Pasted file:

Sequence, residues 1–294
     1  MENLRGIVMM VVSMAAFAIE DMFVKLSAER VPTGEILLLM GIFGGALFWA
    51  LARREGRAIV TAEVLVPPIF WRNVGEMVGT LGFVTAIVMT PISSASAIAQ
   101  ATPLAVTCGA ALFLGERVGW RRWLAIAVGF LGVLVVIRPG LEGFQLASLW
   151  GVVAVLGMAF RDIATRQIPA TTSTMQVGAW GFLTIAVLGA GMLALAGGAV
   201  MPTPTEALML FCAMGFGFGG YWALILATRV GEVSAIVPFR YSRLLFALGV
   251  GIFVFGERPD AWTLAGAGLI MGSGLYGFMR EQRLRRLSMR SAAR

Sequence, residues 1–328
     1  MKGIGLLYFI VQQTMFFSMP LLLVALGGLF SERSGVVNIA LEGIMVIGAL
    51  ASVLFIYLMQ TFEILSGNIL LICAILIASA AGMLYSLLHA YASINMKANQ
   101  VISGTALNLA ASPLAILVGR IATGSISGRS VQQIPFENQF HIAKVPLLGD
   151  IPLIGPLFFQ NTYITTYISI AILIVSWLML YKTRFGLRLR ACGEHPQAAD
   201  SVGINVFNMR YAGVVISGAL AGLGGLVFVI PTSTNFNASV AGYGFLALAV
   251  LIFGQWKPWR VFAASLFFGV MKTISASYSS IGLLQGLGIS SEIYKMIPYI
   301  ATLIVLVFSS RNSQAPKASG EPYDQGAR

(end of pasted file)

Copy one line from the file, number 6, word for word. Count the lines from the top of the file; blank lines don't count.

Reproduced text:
   201  MPTPTEALML FCAMGFGFGG YWALILATRV GEVSAIVPFR YSRLLFALGV